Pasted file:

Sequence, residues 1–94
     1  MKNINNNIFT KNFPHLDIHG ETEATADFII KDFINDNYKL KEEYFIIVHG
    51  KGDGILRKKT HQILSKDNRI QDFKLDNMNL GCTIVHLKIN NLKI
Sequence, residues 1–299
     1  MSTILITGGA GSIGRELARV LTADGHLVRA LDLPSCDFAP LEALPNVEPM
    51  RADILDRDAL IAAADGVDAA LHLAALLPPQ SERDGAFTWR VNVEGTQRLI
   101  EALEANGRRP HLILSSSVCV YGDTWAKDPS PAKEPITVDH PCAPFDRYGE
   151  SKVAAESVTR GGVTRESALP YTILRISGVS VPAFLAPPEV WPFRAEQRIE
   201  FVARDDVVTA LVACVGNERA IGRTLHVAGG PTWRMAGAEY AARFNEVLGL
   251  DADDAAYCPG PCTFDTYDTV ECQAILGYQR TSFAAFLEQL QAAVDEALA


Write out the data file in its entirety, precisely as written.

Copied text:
Sequence, residues 1–94
     1  MKNINNNIFT KNFPHLDIHG ETEATADFII KDFINDNYKL KEEYFIIVHG
    51  KGDGILRKKT HQILSKDNRI QDFKLDNMNL GCTIVHLKIN NLKI
Sequence, residues 1–299
     1  MSTILITGGA GSIGRELARV LTADGHLVRA LDLPSCDFAP LEALPNVEPM
    51  RADILDRDAL IAAADGVDAA LHLAALLPPQ SERDGAFTWR VNVEGTQRLI
   101  EALEANGRRP HLILSSSVCV YGDTWAKDPS PAKEPITVDH PCAPFDRYGE
   151  SKVAAESVTR GGVTRESALP YTILRISGVS VPAFLAPPEV WPFRAEQRIE
   201  FVARDDVVTA LVACVGNERA IGRTLHVAGG PTWRMAGAEY AARFNEVLGL
   251  DADDAAYCPG PCTFDTYDTV ECQAILGYQR TSFAAFLEQL QAAVDEALA